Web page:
07 August 2011

Preserve heritage sites. New Carib Queen:

Preserve heritage sites. New Carib Queen:
By Louis B Homer
Trinidad Express Newspapers | Aug 7, 2011 at 11:42 PM ECT

As newly-elected Carib Queen Jennifer Cassar took up office on Saturday, she immediately called for the preservation of all special Amerindian sites in Trinidad.

In her maiden speech as head of the Santa Rosa First Peoples Carib Community, Cassar said: "I am emboldened to engage the attention of the authorities and the national community on the preservation of Corita, a petroglyphics stone at Maracas St Joseph, site of the old church at Caura Valley, Banwarie site in south Trinidad, and La Venezuela Statue on Old Santa Cruz Road."

She said the positive contributions made by their forefathers to the development of these areas have been largely ignored, and the history of Trinidad and Tobago has been no different.

Cassar said her first step would be the realisation of a heritage village which is critical to the preservation of Carib culture, spiritual traditions, and the social and economic development of young people.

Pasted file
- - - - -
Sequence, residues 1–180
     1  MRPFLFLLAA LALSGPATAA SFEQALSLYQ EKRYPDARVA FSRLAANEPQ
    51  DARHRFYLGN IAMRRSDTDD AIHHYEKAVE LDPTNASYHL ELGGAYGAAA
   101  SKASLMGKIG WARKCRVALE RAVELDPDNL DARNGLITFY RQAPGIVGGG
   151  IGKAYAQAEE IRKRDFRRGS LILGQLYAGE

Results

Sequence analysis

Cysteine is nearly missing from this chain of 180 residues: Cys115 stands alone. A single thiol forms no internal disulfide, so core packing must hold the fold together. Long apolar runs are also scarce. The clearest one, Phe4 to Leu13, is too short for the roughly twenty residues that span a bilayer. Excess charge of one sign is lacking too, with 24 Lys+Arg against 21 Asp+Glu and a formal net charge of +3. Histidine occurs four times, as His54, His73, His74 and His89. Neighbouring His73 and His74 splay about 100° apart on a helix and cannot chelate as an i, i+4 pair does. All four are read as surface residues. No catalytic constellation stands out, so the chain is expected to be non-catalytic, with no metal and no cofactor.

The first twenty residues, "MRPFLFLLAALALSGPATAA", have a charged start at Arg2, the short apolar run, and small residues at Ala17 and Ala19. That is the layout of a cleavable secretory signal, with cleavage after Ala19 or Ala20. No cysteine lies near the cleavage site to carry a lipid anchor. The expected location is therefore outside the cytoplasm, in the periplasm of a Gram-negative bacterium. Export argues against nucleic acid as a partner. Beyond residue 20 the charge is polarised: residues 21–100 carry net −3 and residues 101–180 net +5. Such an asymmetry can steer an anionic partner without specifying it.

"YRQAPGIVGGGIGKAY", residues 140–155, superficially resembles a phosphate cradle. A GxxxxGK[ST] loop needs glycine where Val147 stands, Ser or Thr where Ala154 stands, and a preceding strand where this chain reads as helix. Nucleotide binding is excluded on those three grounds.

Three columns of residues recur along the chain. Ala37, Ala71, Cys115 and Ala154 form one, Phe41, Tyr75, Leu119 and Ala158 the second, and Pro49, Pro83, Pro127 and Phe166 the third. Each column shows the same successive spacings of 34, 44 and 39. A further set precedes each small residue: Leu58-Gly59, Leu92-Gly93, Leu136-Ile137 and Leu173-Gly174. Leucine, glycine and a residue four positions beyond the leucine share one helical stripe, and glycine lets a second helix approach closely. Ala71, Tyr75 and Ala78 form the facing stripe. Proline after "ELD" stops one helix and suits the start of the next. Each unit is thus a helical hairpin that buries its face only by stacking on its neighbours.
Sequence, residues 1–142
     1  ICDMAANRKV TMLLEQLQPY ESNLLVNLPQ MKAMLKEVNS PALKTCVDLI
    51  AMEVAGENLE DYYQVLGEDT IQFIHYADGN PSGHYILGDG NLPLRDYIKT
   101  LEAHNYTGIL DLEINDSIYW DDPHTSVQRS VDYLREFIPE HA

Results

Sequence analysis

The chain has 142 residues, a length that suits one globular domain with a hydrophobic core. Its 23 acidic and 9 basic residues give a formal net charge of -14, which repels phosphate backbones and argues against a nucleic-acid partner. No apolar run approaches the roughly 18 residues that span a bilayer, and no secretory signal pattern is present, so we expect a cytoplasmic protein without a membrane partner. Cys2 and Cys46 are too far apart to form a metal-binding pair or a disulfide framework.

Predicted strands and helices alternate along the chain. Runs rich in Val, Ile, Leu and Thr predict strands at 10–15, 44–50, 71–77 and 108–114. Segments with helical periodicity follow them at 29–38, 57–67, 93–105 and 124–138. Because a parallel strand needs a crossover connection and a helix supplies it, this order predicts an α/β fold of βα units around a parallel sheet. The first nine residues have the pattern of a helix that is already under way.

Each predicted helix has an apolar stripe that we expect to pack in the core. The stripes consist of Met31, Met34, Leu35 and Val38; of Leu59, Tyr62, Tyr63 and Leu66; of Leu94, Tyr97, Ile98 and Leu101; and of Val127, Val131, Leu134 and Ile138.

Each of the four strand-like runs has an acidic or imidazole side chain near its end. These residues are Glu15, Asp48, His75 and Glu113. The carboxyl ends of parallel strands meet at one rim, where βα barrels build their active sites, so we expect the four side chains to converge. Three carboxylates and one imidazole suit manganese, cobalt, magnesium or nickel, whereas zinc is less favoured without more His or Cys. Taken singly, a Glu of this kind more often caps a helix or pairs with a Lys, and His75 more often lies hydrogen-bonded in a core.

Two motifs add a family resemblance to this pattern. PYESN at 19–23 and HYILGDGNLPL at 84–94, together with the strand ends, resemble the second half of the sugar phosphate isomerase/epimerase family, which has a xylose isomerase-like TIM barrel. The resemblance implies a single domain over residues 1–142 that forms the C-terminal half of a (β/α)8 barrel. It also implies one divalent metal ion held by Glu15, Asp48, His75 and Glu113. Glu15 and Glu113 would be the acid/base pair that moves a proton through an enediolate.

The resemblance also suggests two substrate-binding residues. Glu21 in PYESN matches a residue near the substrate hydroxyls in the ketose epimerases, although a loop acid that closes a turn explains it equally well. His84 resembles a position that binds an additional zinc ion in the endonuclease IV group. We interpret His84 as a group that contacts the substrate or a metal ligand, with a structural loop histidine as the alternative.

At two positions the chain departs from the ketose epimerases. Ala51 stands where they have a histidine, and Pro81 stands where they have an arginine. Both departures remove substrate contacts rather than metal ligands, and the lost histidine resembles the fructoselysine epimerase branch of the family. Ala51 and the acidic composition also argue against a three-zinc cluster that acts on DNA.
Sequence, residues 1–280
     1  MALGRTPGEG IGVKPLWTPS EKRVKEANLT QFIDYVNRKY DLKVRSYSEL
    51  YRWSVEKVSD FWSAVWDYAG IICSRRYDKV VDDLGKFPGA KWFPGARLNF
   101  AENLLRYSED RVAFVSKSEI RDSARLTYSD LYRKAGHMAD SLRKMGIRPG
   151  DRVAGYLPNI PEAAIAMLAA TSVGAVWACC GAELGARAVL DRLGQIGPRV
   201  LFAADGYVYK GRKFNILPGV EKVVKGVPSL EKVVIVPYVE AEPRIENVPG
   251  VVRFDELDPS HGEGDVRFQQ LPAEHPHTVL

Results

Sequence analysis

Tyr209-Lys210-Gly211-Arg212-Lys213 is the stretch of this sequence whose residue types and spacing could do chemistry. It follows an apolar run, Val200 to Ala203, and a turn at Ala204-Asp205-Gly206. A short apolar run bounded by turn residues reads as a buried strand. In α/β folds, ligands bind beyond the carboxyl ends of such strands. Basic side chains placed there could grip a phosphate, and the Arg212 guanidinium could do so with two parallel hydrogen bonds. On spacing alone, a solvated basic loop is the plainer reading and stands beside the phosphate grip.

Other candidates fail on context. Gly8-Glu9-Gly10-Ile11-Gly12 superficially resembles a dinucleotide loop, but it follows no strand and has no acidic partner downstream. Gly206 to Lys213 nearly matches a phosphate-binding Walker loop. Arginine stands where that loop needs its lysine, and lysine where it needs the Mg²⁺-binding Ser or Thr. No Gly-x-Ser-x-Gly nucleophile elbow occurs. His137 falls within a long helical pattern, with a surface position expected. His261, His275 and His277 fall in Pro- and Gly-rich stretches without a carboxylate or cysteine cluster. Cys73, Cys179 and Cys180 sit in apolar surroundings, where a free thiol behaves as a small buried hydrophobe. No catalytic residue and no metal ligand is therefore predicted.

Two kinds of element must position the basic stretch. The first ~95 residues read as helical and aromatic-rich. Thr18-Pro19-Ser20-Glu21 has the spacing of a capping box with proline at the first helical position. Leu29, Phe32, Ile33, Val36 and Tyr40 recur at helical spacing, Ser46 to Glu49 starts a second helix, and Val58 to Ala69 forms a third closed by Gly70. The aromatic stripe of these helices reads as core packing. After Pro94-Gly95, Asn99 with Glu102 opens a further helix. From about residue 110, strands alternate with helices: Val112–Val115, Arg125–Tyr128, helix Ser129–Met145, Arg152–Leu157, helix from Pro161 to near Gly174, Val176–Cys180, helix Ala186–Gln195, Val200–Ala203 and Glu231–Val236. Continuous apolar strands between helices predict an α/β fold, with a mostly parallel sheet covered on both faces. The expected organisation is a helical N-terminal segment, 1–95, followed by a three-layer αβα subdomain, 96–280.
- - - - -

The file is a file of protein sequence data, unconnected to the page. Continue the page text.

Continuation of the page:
She said Government has agreed to grant the community 25 acres of land on Blanchisseuse Road.

"My first duty will be to pursue discussions with the Cabinet-appointed committee to complete the paper work to officially hand over the land to the community next year."

She said the village will be used as a catalyst to generate employment, provide food security and the understanding of indigenous food and craft, create an environment for the education of children, create a museum to showcase the diversity of the nation, and to develop activities in eco- tourism and sustainable business activities.